Watch Lisa’s talk at the Natural History Society of Northumbria from her MSc Conservation and Ecosystem Management degree. A smashing talk with interesting findings, I think. Link to the talk is below.
Being out with a student on Widdybank Fell, lying in the sun, identifying the plants – after all the Covid restrictions, was one of the highlights of 2021, I think.
Most of my posts reflect fun things we have done or celebrate student achievements. This is the saddest post I have written; Tracy left this world on 31st October 2021… I am nevertheless also celebrating a student achievement.
Tracy joined the MSc in Conservation and Ecosystem Mangement Course in Jan 2021, a transfer from Museum Studies when she realised she had chosen the wrong degree. She quickly became a valued member of our group, albeit predominantly on zoom, ever ready with an intelligent and engaging contribution in a seminar.
When we were eventually allowed to go out into the field, she was as excited, happy and engaged as we all were – enjoying learning about the habitats, ecosystems, soils, plants, methods … I think that is evident from the photos below
She started on her dissertation, working with the Game and Wildlife Conservancy Trust, dissertation supervisor Dr Dave George and technician Fiona Maclachlan to collect pollinator data from farms through the north of England. Because of her high organisation skills and meticulous approach to data recording and entry, the data are complete and ready to be analysed. High praise received from the GWCT and Dave.
Fiona and I met with her a few weeks ago to heroically work through tea and cake at a wonderful cafe and have a gentle walk along the beautiful beach at Cresswell. Was such a beautiful day, I regret no photo from the beach – but I promise it was Northumberland at its best with sea, sand and dunes!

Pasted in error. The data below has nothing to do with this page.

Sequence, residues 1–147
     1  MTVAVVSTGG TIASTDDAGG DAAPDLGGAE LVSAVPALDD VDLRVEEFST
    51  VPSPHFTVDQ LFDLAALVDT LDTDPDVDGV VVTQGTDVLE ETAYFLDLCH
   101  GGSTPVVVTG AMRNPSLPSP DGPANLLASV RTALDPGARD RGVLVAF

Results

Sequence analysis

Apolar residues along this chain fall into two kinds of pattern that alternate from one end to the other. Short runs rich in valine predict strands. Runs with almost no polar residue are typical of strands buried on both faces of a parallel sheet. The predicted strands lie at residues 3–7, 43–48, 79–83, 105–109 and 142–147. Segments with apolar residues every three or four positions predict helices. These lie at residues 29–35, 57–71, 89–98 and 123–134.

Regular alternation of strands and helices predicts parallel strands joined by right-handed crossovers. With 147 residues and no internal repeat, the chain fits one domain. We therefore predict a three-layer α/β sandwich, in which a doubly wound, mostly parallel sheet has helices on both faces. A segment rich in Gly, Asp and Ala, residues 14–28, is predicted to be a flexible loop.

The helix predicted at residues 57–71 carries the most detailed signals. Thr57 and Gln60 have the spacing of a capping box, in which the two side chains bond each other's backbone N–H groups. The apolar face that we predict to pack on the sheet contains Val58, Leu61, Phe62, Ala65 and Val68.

Tracy was a trooper. I feel so privileged to have shared the last few months of her life. My thoughts are with her family and friends.
Now former MSc Conservation and Ecosystem Management students, Jamie and Lisa set up an ecology consultancy and won a contract to survey the Border Mires. Jamie spontaneously called the company “Sphagnum Consulting” so we decided we needed some bryophyte microscopy time – which to be honest, is me in my happy place!
Bracken the dog keeping a sleeping eye on us
Lisa’s photos my ID! Ptilidium ciliata and Calypogeia fisssens – unless anyone puts me right. Great pics Lisa! I love liverwortsNVC Phase 2 habitat surveying. Thought I better post a pic from the field too
Reflecting on how the skills learned on the MSc in Conservation and Ecosystem Management have helped our current students in their next stage of life. Not goodbye, but au revoir
My first ever Bubble Tea (what’s that all about?) and Moon Cake with Ling before she returns to China to start her PhD using Remote Sensing and GIS to research land use over there – happily she has developed those skills while completing her dissertation on habitat mapping land classification on the Kielder MiresLisa and I had a fun day out on a local nature reserve, getting Lisa up to speed on the bog species before she starts her new job in Sphagnum Consulting – a company set up by her and her fellow CEM-er also from this year. Their first contract will be using their NVC mapping and GIS skills as they work on Kielder Mires
So sad to be saying goodbye to our MSc Conservation and Ecosystem Management students – it has been a year! And also very excited to say hello to our new cohort. I hope they had a good week. Highlights for me was the talks from our current students, particularly Nico’s on Terns, then the zoom call (which I was ridiculously anxious about – but thoroughly enjoyed thanks to the speakers below). And today we went to one of my (many) favourite places in Northumberland, Hauxley – run by the Wildlife Trust – to watch the birds and walk along the beach looking for fossils and crabs!
… and anyway – we’re not saying goodbye, but hasta luego and bis später and until next time
The photo of the first pine martin captured on camera from Kielder Forest (shown on Tom’s slide above) comes from my good friend John Hartshorne. We were very excited the day he Whatsapped that to us!